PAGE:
In Bricktales, there is no AI placing the bricks where they go for you. You’re on your own, and you have to be sure that your creations are structurally sound. If they aren’t, they’ll collapse under the weight of the adorable test robots you send across your rickety bridges. Let me assure you, gentle readers, that determining the issue with your structure is not at all easy or obvious. The game’s unwieldy camera controls contribute unnecessary difficulty to the evaluation process. In order to zoom out far enough to see what you’re doing, you have to pause the game, zoom, visually inspect, and then return. It’s a cumbersome process. Plus, like all other LEGO titles, Bricktales contains adorable collectible creatures like rabbits, ladybugs, and hermit crabs, sprinkled throughout the various worlds. Spotting these in the various nooks and crannies becomes a less-than-pleasant exercise in patience due to the poor camera controls.

Even when you can see what you’re doing, figuring out what piece needs support can be quite challenging. There were definitely a few times when I had to save my progress and step away from the keyboard for a while because I’d gotten stuck in a rut and couldn’t see what I was doing wrong. There’s a fine line between challenging and unnecessarily frustrating, and Bricktales can and does cross it. The puzzles do have specific solutions, and you have to solve the puzzle according to the title’s specifications before you unlock a sandbox mode, enabling you to be a bit more creative in your builds. However, unless you’re hunting down collectibles, there’s not much incentive to go back and replay the puzzles especially given that you don’t have a wide variety of bricks offered to you.


Bricktales has a great deal to offer LEGO enthusiasts; if you love building and have a nostalgic affection for familiar castle or pirate sets, Bricktales is very much for you. If you’re expecting something more along the lines of the LEGO Batman games, about all you’ll really recognize is the prevalence of the on-brand, LEGO humor.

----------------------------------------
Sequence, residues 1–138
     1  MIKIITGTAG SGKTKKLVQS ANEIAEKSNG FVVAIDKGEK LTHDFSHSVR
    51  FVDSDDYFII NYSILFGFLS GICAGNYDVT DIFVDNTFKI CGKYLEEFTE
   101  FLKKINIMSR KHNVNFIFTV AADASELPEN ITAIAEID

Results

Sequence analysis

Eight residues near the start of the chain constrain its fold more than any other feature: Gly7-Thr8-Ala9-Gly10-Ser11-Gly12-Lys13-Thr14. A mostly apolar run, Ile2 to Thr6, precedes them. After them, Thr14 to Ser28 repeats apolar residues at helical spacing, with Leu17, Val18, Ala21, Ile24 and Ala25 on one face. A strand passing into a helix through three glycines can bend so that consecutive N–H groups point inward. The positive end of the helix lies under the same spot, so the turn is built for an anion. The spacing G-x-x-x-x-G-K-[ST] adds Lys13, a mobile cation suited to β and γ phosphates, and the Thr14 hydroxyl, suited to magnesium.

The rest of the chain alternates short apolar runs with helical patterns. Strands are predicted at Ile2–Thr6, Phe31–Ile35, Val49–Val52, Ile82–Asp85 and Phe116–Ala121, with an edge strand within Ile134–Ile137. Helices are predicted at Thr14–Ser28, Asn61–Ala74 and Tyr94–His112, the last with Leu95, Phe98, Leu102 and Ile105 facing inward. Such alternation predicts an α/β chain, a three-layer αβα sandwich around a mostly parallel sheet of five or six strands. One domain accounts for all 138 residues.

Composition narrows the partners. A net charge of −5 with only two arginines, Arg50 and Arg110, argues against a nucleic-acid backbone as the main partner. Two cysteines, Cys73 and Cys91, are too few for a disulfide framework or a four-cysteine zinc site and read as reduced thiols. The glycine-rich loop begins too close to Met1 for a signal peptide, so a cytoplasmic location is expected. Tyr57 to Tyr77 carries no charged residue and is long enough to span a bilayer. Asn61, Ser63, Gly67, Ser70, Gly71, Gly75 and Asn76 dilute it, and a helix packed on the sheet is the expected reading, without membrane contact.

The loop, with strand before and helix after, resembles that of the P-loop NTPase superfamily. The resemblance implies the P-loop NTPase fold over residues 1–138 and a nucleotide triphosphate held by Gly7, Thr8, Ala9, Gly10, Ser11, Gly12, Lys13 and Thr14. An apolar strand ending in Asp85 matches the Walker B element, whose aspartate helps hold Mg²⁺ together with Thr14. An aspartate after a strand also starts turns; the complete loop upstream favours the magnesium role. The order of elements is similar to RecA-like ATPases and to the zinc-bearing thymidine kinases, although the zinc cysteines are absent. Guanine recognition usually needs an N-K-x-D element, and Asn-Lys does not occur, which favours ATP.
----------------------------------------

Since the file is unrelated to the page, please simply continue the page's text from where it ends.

Bricktales is great for extremely patient or spatially adept children, and you don’t really have to worry about needing the practice effect. If you put it down for a bit, you really don’t have to be concerned about having to relearn twitchy controls. The title actively encourages you to explore off the beaten path, but you do have to conform to its requirements when solving puzzles, which makes for an odd and not always successful juxtaposition.

All told, you should expect Bricktales to take about 10-14 hours to complete, unless you’re a completionist. If that’s the case, strap in and get settled for the long-haul. At $29.99 on Steam, the price feels a touch high for the actual gameplay, but it’s also LEGO.

While not everything in the title quite works, I do hope to see more of these more independent-style games from LEGO as Bricktales presents such great possibilities.

Stray Thoughts From Behind the Keyboard

  1. I loved the castle sets when I was a kid, and getting to play on an animated one made my year.
  2. The archaeologist adventure was just too cute.
  3. I may be trying to collect every single collectible in the game. Help me.
  4. I love the spider web pieces.
Share this GiN Article on your favorite social media network: